Obama again rejects Romney apology call
RICHMOND, Va., July 15 (UPI) -- U.S. President Obama said again in an interview aired Sunday he will not apologize to Mitt Romney for saying Romney's Bain Capital outsourced jobs.
In one of a series of televised interviews last week, Romney said, "He sure as heck ought to say that he's sorry for the kinds of attacks that are coming from his team." Romney is the presumptive Republican presidential nominee.
Friday, Obama first refused to apologize. "Ultimately Mr. Romney, I think, is going to have to answer those questions," he said, "because if he aspires to being president one of the things you learn is, you are ultimately responsible for the conduct of your operations, but again that's probably a question that he's going to have to answer and I think that's a legitimate part of the campaign."
In Sunday's interview, the president repeated his refusal to say he's sorry.
"No. We will not apologize," Obama told WAVY-TV, Portsmouth, Va. "Mr. Romney claims he's Mr. Fix-It for the economy because of his business experience, so I think voters entirely legitimately want to know what is exactly his business experience."
Obama made his remarks on the campaign trail.
"And as the head of a private equity firm his job was to maximize profits and help investors," the president said. "There is nothing wrong with that. On the other hand, that company also was investing in companies that were called by The Washington Post 'the pioneers of outsourcing.' Mr. Romney is now claiming he wasn't there at the time, except his filings with the [Securities and Exchange Commission] listing says he was the CEO, chairman, and president of the company. ... Harry Truman said 'the buck stops with me' and I think understandably people are going to be interested in, 'Are you in fact responsible for this company you say is one of your primary calling cards for your wanting to be president?'"
Ryan says Mitt has no shortage of ideas
WASHINGTON, July 15 (UPI) -- The Republican chairman of the U.S. House Budget Committee, Rep. Paul Ryan, said Mitt Romney was offering a detailed platform for sparking the economy.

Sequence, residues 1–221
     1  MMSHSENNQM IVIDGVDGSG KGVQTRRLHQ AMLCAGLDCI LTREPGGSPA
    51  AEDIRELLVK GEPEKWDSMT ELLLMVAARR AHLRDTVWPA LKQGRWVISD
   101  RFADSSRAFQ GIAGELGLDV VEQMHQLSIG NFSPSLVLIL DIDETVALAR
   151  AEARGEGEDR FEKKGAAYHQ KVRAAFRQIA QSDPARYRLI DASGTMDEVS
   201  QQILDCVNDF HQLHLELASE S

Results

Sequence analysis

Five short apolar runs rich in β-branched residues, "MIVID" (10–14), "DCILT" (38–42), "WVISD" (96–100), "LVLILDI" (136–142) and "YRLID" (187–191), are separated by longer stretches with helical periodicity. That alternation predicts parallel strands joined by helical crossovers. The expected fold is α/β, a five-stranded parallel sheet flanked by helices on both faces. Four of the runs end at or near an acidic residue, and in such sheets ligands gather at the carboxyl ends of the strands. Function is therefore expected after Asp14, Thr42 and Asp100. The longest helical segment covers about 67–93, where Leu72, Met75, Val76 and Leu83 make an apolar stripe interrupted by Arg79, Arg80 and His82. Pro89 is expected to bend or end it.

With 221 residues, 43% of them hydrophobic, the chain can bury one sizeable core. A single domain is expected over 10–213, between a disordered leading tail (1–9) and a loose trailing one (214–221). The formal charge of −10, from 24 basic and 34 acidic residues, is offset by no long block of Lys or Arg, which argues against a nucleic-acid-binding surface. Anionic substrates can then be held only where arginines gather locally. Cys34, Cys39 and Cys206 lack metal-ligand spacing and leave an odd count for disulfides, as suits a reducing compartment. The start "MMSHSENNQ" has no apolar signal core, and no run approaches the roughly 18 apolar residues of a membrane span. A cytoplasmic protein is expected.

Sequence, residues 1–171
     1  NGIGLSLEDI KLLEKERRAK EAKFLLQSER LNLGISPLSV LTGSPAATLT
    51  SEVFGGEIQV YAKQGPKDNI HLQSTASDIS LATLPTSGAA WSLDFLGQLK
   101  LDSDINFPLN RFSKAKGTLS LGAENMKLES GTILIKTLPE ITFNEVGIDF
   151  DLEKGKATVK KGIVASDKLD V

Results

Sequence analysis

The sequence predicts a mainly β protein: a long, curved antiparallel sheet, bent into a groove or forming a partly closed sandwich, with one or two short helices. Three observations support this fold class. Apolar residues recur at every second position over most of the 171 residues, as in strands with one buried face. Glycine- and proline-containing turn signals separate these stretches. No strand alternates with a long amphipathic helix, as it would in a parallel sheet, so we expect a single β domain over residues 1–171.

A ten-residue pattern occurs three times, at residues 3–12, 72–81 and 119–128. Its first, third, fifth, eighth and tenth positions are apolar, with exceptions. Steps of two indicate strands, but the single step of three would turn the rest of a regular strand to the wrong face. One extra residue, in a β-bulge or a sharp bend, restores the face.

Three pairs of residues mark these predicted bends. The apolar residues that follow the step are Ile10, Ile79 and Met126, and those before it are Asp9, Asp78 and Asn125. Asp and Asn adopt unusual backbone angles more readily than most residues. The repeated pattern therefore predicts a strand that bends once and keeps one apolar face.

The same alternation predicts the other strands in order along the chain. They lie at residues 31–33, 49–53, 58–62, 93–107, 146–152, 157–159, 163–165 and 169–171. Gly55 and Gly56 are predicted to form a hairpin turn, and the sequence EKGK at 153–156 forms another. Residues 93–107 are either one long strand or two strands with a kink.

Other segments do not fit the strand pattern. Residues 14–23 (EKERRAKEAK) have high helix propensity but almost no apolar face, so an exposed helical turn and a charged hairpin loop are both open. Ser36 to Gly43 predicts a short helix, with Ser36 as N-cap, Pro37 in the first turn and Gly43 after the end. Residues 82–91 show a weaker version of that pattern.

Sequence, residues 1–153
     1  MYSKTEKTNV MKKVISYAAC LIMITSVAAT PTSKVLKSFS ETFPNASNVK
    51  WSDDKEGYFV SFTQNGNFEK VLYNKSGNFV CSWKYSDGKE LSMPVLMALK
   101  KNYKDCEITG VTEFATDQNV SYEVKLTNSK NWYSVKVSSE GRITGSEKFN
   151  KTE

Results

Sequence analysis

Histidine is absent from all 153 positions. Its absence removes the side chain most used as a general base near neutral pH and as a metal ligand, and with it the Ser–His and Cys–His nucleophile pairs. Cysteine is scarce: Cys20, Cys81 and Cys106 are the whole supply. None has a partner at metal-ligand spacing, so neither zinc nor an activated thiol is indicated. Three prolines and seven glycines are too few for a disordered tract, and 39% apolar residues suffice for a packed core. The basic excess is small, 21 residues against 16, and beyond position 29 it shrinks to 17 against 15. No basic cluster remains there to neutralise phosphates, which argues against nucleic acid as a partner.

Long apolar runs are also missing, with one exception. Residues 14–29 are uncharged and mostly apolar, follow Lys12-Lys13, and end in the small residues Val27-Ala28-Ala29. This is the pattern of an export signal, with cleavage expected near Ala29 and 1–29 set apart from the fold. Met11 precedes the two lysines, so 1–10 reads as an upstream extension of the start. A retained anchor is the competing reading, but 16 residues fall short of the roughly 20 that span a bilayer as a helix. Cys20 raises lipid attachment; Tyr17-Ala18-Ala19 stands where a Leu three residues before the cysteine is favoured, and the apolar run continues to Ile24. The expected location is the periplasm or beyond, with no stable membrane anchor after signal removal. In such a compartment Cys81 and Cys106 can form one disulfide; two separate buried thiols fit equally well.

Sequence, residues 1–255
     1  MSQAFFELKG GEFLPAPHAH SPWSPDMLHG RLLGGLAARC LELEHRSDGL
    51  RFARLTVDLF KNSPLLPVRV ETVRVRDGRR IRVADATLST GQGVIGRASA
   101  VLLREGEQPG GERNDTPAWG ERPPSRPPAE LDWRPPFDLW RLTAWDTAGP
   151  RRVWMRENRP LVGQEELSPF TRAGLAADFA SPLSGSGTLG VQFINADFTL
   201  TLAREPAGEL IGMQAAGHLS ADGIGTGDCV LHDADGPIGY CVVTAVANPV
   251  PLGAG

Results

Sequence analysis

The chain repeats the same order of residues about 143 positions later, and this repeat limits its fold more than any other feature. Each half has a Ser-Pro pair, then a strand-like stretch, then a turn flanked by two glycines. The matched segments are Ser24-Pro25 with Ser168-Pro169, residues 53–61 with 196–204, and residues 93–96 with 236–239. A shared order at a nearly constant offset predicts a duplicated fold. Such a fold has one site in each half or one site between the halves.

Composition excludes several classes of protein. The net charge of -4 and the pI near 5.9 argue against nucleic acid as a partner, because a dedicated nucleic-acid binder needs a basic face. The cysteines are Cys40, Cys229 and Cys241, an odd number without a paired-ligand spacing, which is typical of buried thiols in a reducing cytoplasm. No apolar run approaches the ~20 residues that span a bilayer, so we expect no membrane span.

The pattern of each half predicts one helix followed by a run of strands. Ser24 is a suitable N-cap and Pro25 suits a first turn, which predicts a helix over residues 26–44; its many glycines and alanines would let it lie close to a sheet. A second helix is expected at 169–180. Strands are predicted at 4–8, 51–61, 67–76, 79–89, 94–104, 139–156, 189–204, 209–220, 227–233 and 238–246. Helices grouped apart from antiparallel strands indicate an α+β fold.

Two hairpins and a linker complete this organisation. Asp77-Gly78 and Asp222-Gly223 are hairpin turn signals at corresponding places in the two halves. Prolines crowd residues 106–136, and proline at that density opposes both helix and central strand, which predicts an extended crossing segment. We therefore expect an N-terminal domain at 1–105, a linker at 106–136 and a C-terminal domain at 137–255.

Ryan, R-Wis., told CBS' "Face the Nation" Sunday his party's presumptive nominee had been specific about his economic strategy since the primaries, which went a long way to putting him on the brink of the nomination.
"He was more specific than anybody running for president about specifically what he would do to prevent a debt crisis to create jobs, to reform the tax code, to reform these entitlement programs from bankruptcy," Ryan said.
Ryan dismissed the idea Romney had few ideas outside lowering taxes for big business and the rich.
"Mitt Romney has put out more specifics on reforming the tax code, cleaning up the corporate system, getting rid of special interest loopholes, lowering rates to 25 percent on the corporations," Ryan said. "He has put out more specifics on how to reform entitlement programs, to saved Medicare from bankruptcy, to cut government spending, to reduce the deficits than Barack Obama and the United States Senate has."
Vilsack: Drought a small bump in food cost
WASHINGTON, July 15 (UPI) -- U.S. Agriculture Secretary Tom Vilsack said Sunday the drought affecting 61 percent of the country should have only a "marginal impact on food prices."
In an interview on CNN's "State of the Union," Vilsack said reports of a 30 percent increase in food costs seen at some grocery stores should not be related to the current drought.
"The prices and the impact of a drought will not likely be seen in the grocery aisles until later next year, 2013. If folks are using this opportunity to raise prices inappropriately, shame on them. It takes a long time for the prices to basically work itself through the system," he said.
Even with a reduction in the food supply -- which he said will not impact meeting the food demands of the country -- prices should not skyrocket.
"Fourteen cents of every food dollar that goes through a grocery store goes in the pocket of a farmer or rancher," Vilsack said. "So while these commodity prices will likely increase, it will have a marginal impact on food prices. What really drives food prices more significantly are energy costs."
Clinton meets with Egypt military leader
CAIRO, July 15 (UPI) -- Secretary of State Hillary Clinton said Sunday the United States wanted to remain a solid supporter of Egypt's democracy after meeting with Egypt's top general.
Clinton spent about 2 hours with Field Marshal Mohamed Hussein Tantawi in Cairo discussing the sometimes-tense relationship between the military ruling council and the newly elected civilian government.
"We know that Egypt's future is up to the Egyptian people, but we want to be a good partner," Clinton told reporters after the meeting. "We want to support the democracy that has been achieved by the courage and sacrifice of the Egyptian people."
Clinton said she was encouraged to see Egypt renewing its relations with other African nations and reported progress in discussions between the two nations on debt relief and foreign assistance.
Clinton called on Tantawi a day after she met with President Mohamed Morsi, the Muslim Brotherhood candidate.